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things to think about !

things to think about !

Postby mbenoy119 » March 11th, 2012, 1:01 am

[quote=Lava]This may sound dumb-ish...
How about if one of those jet dryers they use in NASCAR were used? Not nessesarily to blow straight down & cause a lot of melting, but blown outward to melt/evaporate the fine snow dust? Then again I'm not sure how readily available those are either. Just a thought...[/quote]

That is an interesting idea, but I think it would be cost prohibitive based on the information available out there.

Average price of a jet dryer unit: $60,000
Fuel usage of about 200 gallons of Jet A fuel per hour: (currently 4.93 per gallon)
Plus, you run the fuel through a truck to pull it around.

Not saying it would not work, but honestly, where is that money going to come from in a sport that is barely making enough money to keep things going?
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Postby 323Driver » March 11th, 2012, 2:23 pm

If a method to blow the dust from the track is used, we need to make sure that the moisture / "ice grains" dont' compromise the effectiveness of the hay barrier. I remember hitting a wall years ago that had been installed prior to the final icing, and it was hard.
Chip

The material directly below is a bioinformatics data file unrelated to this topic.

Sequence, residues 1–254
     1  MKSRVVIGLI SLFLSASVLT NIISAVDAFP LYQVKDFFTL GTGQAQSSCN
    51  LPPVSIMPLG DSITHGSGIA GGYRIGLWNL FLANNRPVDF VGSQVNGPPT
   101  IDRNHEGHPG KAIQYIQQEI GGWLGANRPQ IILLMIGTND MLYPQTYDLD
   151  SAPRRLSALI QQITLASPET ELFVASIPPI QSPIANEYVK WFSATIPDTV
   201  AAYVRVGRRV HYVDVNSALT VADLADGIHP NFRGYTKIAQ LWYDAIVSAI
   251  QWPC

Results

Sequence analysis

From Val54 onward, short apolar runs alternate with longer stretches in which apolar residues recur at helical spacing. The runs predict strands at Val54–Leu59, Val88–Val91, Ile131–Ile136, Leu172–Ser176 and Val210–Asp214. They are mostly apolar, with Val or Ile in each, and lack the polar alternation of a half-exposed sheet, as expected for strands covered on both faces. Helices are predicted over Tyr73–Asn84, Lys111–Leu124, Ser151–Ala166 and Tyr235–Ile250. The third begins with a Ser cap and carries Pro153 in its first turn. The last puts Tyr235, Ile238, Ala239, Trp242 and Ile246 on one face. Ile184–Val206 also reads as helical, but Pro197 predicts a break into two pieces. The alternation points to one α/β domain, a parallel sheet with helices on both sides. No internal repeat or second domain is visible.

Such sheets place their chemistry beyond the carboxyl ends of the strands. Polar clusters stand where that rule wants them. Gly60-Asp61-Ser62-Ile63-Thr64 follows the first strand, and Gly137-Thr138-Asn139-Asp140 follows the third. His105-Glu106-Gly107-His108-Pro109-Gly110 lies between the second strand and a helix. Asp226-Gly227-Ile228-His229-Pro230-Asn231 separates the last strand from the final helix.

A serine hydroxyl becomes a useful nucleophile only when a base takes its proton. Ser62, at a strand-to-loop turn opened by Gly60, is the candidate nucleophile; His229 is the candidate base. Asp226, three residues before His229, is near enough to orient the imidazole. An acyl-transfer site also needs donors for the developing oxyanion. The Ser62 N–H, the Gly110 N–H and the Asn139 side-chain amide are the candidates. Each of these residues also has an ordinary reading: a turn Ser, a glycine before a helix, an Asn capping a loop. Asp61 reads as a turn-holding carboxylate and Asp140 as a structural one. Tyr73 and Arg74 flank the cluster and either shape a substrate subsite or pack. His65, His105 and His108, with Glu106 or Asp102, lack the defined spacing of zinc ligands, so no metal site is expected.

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Postby tifa_5_2000 » March 11th, 2012, 2:27 pm

why not just apply a bit of water?
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Postby bmf » March 11th, 2012, 3:47 pm

Mix the water with corn syrup. This would raise the soecific gravity of the water/ice. Making it heavier and more pliable and less prone to dusting.
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Postby tp176 » March 11th, 2012, 11:50 pm

[quote=bmf]Mix the water with corn syrup. This would raise the soecific gravity of the water/ice. Making it heavier and more pliable and less prone to dusting.[/quote]

Plus with a little coloring (colouring eh) we could sell some snow cones or slushies with what we plow up at the end of the weekend!:B

Just kidding, but could be some merit to it!

Have you looked in to the cost of corn syrup? We use about 1000+ gallons per lap when we build our track. Figure about 2-3000 gallons mixed in during the mid/end portion of the track building....